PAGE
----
The treatment of CML over the last 50 years can be divided into three distinct eras, first cytotoxic drugs, then the choice of allogeneic stem cell transplantation or interferon-alfa (IFN) and most recently the era of tyrosine kinase inhibitors (TKI).
Even purely palliative radiotherapy was rather haphazard and only temporarily effective before the 1950s. In 1953 David Galton, a young clinical investigator working at the Royal Marsden Hospital in London, was given a new alkylating agent recently synthesized by Alexander Haddow, a very talented chemist, who suggested that he test it in variety of malignant conditions. Galton quickly discovered that the drug, then called myleran and subsequently busulfan, was highly effective in reversing the splenomegaly and controlling the leukocyte counts in patients with newly diagnosed CML. In 1968 he published a paper reporting that busulfan-treated patients lived longer than those who received radiotherapy and thereafter busulfan became the standard treatment for CML in the UK. Hydroxyurea gained popularity in the United States. Both drugs were convenient to administer, lacked short-term toxicity, although busulfan regularly rendered women infertile and men azoospermic. In those days the median survival from diagnosis was about 5 years. Galton suspected that though busulphan was a valuable drug in the short term, it might actually be mitogenic and thus hasten the advent of blastic transformation, and this may well have been the case.
Two new approaches were introduced in the early 1980s. Investigators in Seattle had shown that CML patients transplanted with marrow cells collected from their identical twins could expect a number of years without evidence of leukemia detectable in their body. This led investigators on both sides of the Atlantic to explore the possibility that transplants performed with ’stem’ cells from a patient’s HLA-identical sibling might offer benefit for a CML patient who lacked an identical twin. This proved to be the case, though the morbidity and indeed mortality associated with allogeneic stem cell transplants remained a major problem. About this time Moshe Talpaz in Houston pioneered the use of IFN to treat CML. Some of the patients who received this treatment achieved Philadelphia chromosome negativity and a small number of patients who achieved this status did not relapse when the IFN was discontinued. Interferon was associated with modest prolongation of life when compared with the use of hydroxyurea but still in the 1980s treatment for CML patients remained very imperfect.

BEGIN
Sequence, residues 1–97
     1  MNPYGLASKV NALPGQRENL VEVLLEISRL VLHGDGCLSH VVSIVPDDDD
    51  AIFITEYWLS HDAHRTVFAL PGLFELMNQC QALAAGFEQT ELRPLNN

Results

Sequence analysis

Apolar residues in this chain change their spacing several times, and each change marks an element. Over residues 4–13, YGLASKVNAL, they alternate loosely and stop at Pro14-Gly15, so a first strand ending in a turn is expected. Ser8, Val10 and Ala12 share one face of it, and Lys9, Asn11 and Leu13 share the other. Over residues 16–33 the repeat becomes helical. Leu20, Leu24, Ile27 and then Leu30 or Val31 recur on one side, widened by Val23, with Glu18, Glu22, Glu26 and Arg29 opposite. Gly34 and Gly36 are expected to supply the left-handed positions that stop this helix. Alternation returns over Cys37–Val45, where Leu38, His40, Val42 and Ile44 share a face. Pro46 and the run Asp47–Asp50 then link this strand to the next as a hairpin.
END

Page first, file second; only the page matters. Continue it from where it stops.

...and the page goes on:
In the 1990s Brian Druker in conjunction with scientists at Ciba Geigy in Basel started working on the notion that a small molecule that blocked the enzymatic action of the BCR-ABL protein might be clinical value. The culmination of their research was the development of a phenylaminopyrimidine molecule, then called CGP-57148B and now imatinib, that seemed to have selective action against CML cells in the laboratory. It was first used in the clinic in 1998 to treat patients with interferon-resistant CML in chronic phase. Soon thereafter it was used to treat previously untreated CML patient. By 2011 it is clear that 50-60% of patients treated with imatinib for five or more years can expect to have durable complete cytogenetic responses and to remain alive and well for at least 10 years - with the prospect of many more years or even decades without medical problems.
The clinical picture has been further improved by the introduction of more powerful agents that act in a manner similar to imatinib, namely dasatinib, nilotinib and bosutinib, though the last drug is not yet approved for use outside the context of a clinical study.
Viewed over a period of 50 years, the treatment of CML must be regarded as a remarkable success. Many but not all patients diagnosed in chronic phase can today look forward to a normal expectation of life comparable to that of a person without CML.
Perhaps of even greater importance has been the remarkable demonstration that understanding the molecular basis of malignancy can lead to logical or ‘rational’ development of very specific small inhibitory molecules that can lead to control or even in some cases cure various malignant diseases. This seminal observation has led to the revision of research strategies in leukemia and cancer and has unquestionably brought somewhat nearer the day when all malignant diseases can be treated and eradicated with comparative ease.
Imperial College London